The resulting Z stacks can be viewed either separately, or after appropriate ‘stitching’, a procedure that aligns image tiles. The longitudinal cross-section of the whole length of a HS is shown in Fig. 1b, where we utilised the Leica LAS AF 2.0 software. For this report, the 3D reconstructions were performed with Amira 5.2.0 (Visage Imaging GmbH, Berlin, Germany) (Fig. 1c). Figure 1a and b show that it was easy to identify all three layers of the HS. The medulla is the innermost layer of the HS, which appears as a dark zone in the 2D reconstruction. The hair fibres of the HS cortex comprise keratin filaments embedded in a sulphur-rich matrix. Here, they are coloured red enclosing the medulla and being surrounded by the bright orange cuticle. Further structural details could be revealed by transmission electron microscopy (16–20). Using traditional methods to visualise the HS, it is dubious if one would ever see all three layers of the HS in one image, emphasising the usefulness of confocal microscopy in HF studies.

image

Figure 1.  Confocal microscopy images of an intact hair follicle (HF) from the human scalp. (a) 2D cross-section of a HF, drawn perpendicular to the axis of the hair shaft (HS) and reconstructed from a 3D image stack; this panel clearly shows that the shape and diameter of the HS can easily and precisely be deducted from this image (HS in red, surrounding tissue in grey from DIC image stack, extracted from b – see dotted line). (b) 2D longitudinal section along the mid-plane of the 3D reconstruction of the HF. The HS is visualised via autofluorescence, induced by 561-nm excitation. All other layers of the HF are visualised by DIC imaging and appear in shades of grey. (c) 3D reconstruction of the HF shown in b. The HS appears in red (autofluorescence by 561-nm excitation), the surrounding tissue is imaged via DIC and appears in grey. Abbreviations: HS, hair shaft; IRS, inner root sheath; ORS, outer root sheath; CTS, connective tissue sheath; m, medulla of the HS; co, cortex of the HS; cu, cuticle of the HS. Sample orientation is indicated by the xyz axes in the bottom left corner; confocal images were acquired in the xy plane. Scale bars: 100 μm. Total volume of the HS region shown equals 1.7 × 10−3 mm3. Laser power of the 561-nm line was 0.9 mW at the sample’s focal plane.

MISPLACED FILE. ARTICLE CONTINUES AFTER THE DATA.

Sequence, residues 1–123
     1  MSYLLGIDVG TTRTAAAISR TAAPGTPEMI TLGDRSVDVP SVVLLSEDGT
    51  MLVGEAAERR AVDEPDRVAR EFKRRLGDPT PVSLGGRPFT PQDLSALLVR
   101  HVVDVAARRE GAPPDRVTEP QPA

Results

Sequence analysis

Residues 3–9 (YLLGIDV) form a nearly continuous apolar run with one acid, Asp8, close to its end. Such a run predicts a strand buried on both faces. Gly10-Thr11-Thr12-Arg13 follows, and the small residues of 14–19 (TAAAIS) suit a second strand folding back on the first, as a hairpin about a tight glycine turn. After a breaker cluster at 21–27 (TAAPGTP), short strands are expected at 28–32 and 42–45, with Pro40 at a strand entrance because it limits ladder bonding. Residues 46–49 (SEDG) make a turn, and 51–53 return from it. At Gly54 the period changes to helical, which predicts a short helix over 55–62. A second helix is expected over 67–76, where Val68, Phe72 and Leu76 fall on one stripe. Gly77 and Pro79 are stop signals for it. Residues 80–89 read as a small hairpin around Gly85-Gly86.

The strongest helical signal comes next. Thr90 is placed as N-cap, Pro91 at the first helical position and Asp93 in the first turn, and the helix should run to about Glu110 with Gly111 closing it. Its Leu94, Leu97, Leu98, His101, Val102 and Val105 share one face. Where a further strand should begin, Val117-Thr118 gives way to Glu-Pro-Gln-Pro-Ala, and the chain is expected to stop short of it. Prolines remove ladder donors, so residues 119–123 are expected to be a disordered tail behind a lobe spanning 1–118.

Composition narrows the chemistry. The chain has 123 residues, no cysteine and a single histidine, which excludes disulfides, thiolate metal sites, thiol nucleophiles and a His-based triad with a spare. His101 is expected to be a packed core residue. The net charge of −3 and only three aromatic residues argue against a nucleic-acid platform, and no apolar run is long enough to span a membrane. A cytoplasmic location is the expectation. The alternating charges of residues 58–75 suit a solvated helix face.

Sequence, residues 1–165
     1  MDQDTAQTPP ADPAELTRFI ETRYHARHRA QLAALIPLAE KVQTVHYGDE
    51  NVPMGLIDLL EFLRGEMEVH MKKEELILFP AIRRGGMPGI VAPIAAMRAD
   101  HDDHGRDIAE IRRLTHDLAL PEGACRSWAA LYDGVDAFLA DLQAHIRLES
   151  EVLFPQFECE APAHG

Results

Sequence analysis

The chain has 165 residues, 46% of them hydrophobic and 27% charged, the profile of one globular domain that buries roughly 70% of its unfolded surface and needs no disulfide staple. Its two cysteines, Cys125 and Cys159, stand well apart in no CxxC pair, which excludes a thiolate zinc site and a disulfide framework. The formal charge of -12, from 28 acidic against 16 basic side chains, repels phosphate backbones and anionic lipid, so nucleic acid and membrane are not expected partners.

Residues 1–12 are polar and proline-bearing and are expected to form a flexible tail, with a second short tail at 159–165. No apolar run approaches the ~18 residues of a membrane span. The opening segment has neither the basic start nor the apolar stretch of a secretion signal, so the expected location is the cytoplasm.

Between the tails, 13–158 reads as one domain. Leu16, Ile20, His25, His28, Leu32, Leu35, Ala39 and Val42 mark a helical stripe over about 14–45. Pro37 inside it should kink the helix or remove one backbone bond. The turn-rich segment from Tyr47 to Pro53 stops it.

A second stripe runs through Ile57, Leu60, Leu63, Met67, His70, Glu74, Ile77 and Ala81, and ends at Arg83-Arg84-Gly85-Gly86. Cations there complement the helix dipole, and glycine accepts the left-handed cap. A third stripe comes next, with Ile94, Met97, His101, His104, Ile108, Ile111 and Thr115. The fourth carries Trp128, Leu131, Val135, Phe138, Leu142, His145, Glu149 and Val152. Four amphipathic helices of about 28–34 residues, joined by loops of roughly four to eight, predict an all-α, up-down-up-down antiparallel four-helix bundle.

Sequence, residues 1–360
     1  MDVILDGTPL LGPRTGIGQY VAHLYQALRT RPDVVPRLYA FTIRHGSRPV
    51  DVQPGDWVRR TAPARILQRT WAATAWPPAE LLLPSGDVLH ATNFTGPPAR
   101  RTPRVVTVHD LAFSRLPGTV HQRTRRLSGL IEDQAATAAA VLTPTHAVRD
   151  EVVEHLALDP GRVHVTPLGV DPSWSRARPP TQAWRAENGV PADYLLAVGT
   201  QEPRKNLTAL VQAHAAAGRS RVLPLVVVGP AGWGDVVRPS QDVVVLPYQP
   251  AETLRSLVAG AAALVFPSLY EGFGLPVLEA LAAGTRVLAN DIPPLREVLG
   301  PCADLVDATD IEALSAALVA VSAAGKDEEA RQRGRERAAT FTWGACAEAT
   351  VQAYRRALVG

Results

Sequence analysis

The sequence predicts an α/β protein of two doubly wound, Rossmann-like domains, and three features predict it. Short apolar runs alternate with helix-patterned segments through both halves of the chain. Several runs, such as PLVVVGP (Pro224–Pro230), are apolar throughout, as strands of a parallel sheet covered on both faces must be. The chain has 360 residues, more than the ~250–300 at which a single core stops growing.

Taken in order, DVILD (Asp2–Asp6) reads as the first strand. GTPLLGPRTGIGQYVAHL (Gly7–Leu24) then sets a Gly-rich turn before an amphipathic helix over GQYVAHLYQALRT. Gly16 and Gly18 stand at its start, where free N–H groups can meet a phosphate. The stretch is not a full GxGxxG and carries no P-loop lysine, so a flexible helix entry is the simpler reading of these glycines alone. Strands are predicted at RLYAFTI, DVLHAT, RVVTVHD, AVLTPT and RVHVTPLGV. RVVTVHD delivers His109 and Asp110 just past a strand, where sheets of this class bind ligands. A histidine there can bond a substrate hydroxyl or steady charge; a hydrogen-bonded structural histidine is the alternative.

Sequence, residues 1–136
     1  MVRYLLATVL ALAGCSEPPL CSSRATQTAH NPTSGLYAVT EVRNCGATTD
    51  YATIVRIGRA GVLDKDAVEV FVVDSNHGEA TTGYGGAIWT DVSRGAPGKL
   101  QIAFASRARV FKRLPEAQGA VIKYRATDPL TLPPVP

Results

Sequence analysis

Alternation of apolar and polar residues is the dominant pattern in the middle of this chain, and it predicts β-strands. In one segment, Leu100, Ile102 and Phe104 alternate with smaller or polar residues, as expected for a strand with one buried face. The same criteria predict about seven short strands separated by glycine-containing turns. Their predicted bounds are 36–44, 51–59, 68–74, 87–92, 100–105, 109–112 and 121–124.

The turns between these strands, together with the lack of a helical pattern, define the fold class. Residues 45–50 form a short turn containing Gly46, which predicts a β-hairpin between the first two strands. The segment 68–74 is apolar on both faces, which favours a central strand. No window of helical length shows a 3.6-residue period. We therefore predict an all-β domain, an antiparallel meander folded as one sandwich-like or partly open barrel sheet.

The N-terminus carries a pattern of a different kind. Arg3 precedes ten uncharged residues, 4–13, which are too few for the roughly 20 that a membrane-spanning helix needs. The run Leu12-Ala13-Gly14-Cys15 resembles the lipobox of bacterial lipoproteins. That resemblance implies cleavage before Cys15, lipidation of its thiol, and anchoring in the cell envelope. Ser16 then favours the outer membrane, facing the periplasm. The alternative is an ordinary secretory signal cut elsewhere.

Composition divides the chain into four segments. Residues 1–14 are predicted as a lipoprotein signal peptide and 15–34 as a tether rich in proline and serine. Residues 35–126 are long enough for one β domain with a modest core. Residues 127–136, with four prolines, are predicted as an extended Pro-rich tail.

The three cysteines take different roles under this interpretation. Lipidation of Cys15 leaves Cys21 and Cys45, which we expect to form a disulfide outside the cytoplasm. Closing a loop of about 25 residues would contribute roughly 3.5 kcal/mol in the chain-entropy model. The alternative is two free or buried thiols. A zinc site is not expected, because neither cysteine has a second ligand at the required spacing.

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Figure 2a shows a HF stained for the inhibitory β1 integrin antibody mAb13 using the traditional method (1). Using point scanning microscopy, one can easily visualise the same immunoreactivity pattern in a 2D image (Fig. 2b) as well as in a 3D reconstruction (Fig. 2c,d). A total of 22 antibody-stained HFs were imaged in this study.

image